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Bruce Arnold: We have just voted God out of the Constitution

Referendum has confirmed the rejection of the supervisory authority of natural law

Ballot boxes being emptied in Irish abortion referendum: The Supreme Court decided in effect that the People have an absolute power to make any laws they may please, even radically unjust and discriminatory laws. Photograph: Clodagh Kilcoyne

One of the myths by which we live and organise our life in society is that there is a collective deity called “the People” which speaks to us through the ballot box, whose scripture is the Constitution and whose utterances are infallibly interpreted for us by the hierarchy of the courts.

Politicians are the priesthood of this deity and they worship daily at its altar, offering in sacrifice their personal beliefs and the needs of anyone not currently in favour with the People. They owe their political lives to this deity and they serve it in abject fear, always willing to sacrifice whatever it may demand.

It was not always so. In 1937, a previous generation enacted the present Constitution “in the Name of the Most Holy Trinity, from Whom is all authority and to Whom, as our final end, all actions both of men and States must be referred”. According to article 6.1, the People hold authority “under God” to designate the rulers of the State and in final appeal “to decide all questions of national policy, according to the requirements of the common good”. In five instances in the Constitution, two of them enacted in 2012, the personal and family rights that it guarantees are described as “natural” rights. They are said to be recognised, acknowledged and affirmed – but never “conferred”– by the Constitution. They are also variously described as inalienable and imprescriptible rights, antecedent and superior to all positive law.

The courts for many years acknowledged this worldview and derived from it a catalogue of important fundamental rights, based on natural law, whether or not they were explicitly mentioned in the text of the Constitution.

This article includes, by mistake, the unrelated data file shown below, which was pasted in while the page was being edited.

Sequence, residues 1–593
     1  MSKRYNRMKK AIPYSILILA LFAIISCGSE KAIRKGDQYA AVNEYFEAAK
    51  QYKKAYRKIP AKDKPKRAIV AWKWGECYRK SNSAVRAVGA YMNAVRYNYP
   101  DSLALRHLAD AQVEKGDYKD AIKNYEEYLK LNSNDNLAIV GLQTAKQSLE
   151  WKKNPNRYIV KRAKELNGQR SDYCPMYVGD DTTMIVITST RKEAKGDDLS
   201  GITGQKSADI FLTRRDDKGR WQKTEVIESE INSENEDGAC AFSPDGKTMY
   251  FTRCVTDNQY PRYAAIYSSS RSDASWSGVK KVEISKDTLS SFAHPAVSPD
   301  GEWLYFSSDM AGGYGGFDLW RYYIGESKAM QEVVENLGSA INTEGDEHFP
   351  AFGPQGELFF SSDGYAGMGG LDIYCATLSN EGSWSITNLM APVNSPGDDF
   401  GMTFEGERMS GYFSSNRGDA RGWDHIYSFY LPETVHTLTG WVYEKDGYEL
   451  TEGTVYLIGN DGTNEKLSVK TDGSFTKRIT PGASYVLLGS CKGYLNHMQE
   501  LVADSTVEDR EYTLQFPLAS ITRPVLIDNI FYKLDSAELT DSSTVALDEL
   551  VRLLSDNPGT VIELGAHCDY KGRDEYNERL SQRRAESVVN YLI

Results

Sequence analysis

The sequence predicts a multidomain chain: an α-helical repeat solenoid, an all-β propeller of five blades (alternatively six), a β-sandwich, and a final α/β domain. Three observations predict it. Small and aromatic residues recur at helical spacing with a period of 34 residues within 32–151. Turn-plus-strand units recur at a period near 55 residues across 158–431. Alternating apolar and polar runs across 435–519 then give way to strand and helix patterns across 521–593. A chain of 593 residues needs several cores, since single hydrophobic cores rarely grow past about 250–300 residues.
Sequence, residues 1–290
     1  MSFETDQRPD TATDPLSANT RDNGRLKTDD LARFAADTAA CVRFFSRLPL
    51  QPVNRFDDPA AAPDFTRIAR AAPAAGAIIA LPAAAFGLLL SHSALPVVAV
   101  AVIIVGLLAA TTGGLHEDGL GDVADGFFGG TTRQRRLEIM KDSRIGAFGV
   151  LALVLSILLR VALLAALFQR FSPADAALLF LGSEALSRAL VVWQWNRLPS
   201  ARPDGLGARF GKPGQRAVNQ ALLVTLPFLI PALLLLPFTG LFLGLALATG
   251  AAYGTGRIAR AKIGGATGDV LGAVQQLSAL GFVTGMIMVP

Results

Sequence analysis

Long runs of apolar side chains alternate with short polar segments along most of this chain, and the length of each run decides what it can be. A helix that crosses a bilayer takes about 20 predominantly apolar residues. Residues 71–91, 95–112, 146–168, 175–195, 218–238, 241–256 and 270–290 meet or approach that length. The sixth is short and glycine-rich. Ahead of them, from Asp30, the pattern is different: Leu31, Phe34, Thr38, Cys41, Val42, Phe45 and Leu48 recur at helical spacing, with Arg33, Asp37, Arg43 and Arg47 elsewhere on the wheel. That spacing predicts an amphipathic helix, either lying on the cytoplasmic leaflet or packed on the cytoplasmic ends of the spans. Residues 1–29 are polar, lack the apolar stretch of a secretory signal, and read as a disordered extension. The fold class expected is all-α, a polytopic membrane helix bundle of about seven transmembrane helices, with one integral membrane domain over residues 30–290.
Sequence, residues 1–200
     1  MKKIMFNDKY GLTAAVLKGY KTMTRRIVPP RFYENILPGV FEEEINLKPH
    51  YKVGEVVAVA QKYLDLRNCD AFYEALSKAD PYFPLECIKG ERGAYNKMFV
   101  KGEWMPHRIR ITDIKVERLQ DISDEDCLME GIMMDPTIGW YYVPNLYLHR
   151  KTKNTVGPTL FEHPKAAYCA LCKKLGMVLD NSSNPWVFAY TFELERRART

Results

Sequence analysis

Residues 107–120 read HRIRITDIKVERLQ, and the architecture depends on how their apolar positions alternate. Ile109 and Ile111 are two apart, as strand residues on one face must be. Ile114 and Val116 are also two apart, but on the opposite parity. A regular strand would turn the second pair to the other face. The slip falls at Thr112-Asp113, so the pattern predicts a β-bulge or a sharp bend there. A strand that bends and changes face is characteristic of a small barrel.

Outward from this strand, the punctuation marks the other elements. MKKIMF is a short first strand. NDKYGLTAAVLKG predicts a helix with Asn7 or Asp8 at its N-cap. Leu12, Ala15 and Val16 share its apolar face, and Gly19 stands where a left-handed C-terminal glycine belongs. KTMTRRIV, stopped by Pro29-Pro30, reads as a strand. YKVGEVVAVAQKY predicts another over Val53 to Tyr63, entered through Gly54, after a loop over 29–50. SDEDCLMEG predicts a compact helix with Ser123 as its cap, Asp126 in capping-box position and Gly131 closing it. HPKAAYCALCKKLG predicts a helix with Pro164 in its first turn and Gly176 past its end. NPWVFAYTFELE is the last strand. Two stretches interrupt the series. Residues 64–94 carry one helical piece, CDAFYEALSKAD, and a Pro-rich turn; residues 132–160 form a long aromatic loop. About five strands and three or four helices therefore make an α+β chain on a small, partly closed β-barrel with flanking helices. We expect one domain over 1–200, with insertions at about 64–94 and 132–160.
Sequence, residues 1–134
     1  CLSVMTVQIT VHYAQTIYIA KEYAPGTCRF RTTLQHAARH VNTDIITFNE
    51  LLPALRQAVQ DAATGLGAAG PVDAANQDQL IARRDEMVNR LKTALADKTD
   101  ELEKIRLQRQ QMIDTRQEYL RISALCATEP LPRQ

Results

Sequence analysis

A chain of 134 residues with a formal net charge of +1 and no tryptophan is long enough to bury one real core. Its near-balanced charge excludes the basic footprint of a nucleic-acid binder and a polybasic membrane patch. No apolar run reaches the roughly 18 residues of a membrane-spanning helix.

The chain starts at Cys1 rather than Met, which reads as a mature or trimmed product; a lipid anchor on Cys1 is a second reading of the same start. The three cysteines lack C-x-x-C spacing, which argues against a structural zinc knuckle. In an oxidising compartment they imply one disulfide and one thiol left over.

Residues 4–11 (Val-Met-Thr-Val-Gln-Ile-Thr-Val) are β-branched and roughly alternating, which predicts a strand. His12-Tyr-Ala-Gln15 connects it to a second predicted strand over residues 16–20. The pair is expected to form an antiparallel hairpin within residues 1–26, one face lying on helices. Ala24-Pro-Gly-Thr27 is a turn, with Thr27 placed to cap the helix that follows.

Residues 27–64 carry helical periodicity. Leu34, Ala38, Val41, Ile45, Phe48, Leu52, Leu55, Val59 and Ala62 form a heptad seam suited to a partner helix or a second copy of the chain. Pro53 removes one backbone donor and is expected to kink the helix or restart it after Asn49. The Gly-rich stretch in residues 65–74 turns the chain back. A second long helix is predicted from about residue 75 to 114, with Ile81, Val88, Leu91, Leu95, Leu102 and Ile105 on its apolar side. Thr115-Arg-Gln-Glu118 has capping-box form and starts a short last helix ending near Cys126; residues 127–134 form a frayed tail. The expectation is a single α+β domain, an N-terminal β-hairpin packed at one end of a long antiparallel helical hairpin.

In recent years, however, the Supreme Court has unilaterally disqualified this source of law. Citing a supposed incompatibility between an inherent natural law and the sovereignty of a democratic state, the court has effectively nullified or ignored the preamble and each instance in the constitutional text in which the natural law doctrine is affirmed or implied.


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Absolute power

The Supreme Court decided in effect that the People have an absolute power to make any laws they may please, even radically unjust and discriminatory laws. In reality, however, the ultimate power remains in the hands of the Supreme Court, which interprets or ignores the constitutional text as it sees fit.

The People have now decided, in their new-found omnipotence, that the last remaining natural right of the unborn child is to be denied and replaced with an unrestricted licence to regulate the termination of its life. The People have thus confirmed the rejection of the supervisory authority of natural law and of the implicit authority of God on which it is grounded.

The People have decided, in new-found omnipotence, that the last remaining natural right of the unborn child is to be denied and replaced with an unrestricted licence to regulate the termination of its life

They have succumbed to the original “fake news” uttered to the woman in the Garden of Eden – “You will be like God, knowing good and evil.” The 36th Amendment has endorsed the fiction that the People are the one and only authority, the One Who Must Be Obeyed. Our new schema: “Hear, O Ireland, the People is our God, the People is One.”

What follows now? The political priesthood of the People will be confronted with loud cries that the People has spoken and must be obeyed. Yes, but what exactly has it said? “Well,” the mob will reply, “we must have new legislation and have it quickly!” “And it must allow for abortion without restriction up to 12 weeks!” “And . . .”

No constitutional obligation

But wait a moment. How do we know what exactly the People has said? Let us look at the Word of the People in its Scripture, the new article 40.3.3. What the People has actually said is that “Provision may be made by law for the regulation of termination of pregnancy.” Notice the word “may”. The People did not say (as it did, for example in article 42A, enacted in 2012) that “Provision shall be made by law . . .” It clearly said “may”, not “shall”.

There is therefore no constitutional obligation on the Oireachtas to enact new legislation to regulate the termination of pregnancy. It has in fact already enacted the Protection of Life During Pregnancy Act, 2013, which explicitly regulates the termination of pregnancy. The People has not spoken or set rules about the content of any such legislation.

Shrieks and howls from the mob – “but we all know what was meant!” If that were the case, the People should have said what it meant. But it would be a gross lack of respect to the deity to presume that it could not say exactly what it meant, and it clearly said “may”.

In this Brave New World of the People, we cannot make assumptions about anything which goes beyond the literal meaning of the constitutional text, the Word of the People. Otherwise, we might fall back into accepting implicit natural rights in the constitutional text. We must be very careful to obey the People, after all.

Bruce Arnold is a writer and journalist

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